keywords = "Biomarker, Cognition, Glutamate, MRS, NAA, Neurodegeneration",
author = "Unschuld, {Paul G.} and Edden, {Richard Anthony Edward} and Aaron Carass and Xinyang Liu and Megan Shanahan and Xin Wang and Kenichi Oishi and Jason Brandt and Susan Bassett and Graham Redgrave and Margolis, {Russell Louis} and {Van Zijl}, {Peter C} and Barker, {Peter B} and Ross, {Christopher A}",
year = "2012",
month = "6",
doi = "10.1002/mds.25010",
language = "English (US)",
volume = "27",
pages = "895--902",
journal = "Movement Disorders",
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publisher = "John Wiley and Sons Inc.",
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TY - JOUR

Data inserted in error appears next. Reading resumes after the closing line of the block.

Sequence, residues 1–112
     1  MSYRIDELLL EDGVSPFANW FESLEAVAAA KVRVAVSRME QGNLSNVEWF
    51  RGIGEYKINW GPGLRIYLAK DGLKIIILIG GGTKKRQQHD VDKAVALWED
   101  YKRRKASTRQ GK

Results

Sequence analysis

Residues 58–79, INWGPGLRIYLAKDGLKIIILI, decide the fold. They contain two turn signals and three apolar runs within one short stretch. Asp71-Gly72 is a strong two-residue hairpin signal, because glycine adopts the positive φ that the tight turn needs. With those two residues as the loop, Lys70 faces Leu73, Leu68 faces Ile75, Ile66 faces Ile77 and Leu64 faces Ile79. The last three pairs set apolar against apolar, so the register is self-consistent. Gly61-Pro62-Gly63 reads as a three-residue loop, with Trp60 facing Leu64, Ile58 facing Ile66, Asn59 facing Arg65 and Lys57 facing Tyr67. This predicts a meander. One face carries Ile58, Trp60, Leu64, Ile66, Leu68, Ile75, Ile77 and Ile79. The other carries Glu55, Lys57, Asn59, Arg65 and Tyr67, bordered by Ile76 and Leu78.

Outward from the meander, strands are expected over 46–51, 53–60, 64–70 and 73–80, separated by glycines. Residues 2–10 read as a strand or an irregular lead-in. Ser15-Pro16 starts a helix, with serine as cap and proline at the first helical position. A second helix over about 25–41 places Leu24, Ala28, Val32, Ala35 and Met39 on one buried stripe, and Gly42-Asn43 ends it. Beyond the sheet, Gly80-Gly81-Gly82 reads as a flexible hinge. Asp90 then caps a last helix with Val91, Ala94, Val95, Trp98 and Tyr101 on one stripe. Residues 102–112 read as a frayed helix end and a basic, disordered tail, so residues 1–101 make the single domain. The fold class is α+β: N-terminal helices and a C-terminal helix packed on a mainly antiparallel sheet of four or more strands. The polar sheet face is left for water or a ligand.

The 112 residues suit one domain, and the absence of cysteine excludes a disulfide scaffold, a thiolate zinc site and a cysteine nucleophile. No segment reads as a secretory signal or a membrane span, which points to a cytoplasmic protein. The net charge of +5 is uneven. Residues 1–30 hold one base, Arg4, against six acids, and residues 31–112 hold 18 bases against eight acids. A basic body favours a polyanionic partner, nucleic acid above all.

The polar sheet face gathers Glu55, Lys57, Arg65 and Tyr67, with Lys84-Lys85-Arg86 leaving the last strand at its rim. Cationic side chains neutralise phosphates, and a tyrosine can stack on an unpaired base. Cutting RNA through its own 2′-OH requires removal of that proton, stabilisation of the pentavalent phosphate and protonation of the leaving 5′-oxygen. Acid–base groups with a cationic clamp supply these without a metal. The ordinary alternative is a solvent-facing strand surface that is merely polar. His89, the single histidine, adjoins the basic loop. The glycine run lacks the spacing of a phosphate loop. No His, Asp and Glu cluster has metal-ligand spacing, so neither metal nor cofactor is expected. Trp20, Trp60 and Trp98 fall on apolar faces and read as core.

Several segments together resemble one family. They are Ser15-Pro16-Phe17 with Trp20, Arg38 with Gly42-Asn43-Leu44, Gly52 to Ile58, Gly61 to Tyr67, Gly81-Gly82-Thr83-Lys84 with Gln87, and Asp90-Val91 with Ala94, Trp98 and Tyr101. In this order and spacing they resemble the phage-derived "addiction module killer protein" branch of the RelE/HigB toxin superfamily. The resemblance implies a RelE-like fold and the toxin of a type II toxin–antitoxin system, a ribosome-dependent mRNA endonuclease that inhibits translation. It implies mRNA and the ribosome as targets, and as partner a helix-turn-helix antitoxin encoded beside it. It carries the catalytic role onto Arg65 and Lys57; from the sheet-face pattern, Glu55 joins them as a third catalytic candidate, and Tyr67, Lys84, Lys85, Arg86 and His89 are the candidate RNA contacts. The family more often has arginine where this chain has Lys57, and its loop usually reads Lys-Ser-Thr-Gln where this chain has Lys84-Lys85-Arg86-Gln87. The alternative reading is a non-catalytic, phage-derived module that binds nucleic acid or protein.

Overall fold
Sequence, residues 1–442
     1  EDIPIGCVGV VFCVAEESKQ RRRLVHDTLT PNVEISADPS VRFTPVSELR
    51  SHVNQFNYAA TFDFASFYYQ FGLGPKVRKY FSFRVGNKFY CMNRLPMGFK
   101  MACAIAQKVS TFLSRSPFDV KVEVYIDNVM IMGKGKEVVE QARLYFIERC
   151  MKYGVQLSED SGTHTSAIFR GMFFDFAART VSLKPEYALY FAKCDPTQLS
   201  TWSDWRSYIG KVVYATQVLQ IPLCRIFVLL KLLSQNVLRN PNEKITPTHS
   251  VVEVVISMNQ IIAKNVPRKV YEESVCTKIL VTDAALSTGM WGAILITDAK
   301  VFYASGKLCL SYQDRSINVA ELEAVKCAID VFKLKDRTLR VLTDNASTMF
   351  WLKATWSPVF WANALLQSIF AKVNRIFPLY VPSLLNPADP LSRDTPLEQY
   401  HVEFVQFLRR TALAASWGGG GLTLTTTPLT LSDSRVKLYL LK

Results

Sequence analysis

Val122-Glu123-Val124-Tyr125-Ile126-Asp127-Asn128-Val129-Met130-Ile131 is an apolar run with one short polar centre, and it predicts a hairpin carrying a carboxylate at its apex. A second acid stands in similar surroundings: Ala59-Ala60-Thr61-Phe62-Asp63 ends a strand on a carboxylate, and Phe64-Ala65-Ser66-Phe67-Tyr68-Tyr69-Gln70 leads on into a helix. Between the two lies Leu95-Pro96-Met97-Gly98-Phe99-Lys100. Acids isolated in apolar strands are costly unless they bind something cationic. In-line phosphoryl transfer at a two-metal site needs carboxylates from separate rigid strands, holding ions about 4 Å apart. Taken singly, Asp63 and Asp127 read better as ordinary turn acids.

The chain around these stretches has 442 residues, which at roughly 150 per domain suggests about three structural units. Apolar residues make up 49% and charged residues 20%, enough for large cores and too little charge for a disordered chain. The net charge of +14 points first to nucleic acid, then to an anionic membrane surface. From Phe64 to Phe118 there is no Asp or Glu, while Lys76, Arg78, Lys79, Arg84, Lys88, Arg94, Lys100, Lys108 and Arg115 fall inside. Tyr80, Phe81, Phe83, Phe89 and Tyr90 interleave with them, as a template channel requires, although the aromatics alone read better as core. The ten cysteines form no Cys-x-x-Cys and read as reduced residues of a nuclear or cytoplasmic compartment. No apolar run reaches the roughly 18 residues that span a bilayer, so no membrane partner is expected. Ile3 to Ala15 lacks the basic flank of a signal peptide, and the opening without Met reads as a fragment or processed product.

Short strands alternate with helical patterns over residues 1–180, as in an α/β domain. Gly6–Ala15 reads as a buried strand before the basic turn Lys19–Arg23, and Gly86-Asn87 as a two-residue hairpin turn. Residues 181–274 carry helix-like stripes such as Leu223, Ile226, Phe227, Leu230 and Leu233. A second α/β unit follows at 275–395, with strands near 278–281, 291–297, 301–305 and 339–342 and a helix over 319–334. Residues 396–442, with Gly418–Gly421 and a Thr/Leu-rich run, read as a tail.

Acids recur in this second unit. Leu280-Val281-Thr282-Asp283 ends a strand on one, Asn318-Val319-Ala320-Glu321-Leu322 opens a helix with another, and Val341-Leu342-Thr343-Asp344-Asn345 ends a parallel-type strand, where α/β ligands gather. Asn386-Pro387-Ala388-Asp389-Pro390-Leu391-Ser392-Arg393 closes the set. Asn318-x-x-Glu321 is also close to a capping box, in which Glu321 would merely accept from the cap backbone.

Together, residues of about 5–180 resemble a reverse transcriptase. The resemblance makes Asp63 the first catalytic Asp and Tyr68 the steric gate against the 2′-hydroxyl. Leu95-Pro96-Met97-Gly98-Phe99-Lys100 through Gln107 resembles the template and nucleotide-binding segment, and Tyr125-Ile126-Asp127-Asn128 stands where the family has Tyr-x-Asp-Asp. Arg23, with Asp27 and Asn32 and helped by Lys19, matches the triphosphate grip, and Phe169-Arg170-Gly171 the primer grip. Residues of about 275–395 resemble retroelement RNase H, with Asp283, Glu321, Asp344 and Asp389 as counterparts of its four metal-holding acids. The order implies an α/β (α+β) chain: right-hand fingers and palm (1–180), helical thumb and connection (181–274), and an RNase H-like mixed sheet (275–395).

T1 - Brain metabolite alterations and cognitive dysfunction in early Huntington's disease

AU - Unschuld, Paul G.

AU - Edden, Richard Anthony Edward

AU - Carass, Aaron

AU - Liu, Xinyang

AU - Shanahan, Megan

AU - Wang, Xin

AU - Oishi, Kenichi

AU - Brandt, Jason

AU - Bassett, Susan

AU - Redgrave, Graham

AU - Margolis, Russell Louis

AU - Van Zijl, Peter C

AU - Barker, Peter B

AU - Ross, Christopher A

PY - 2012/6

Y1 - 2012/6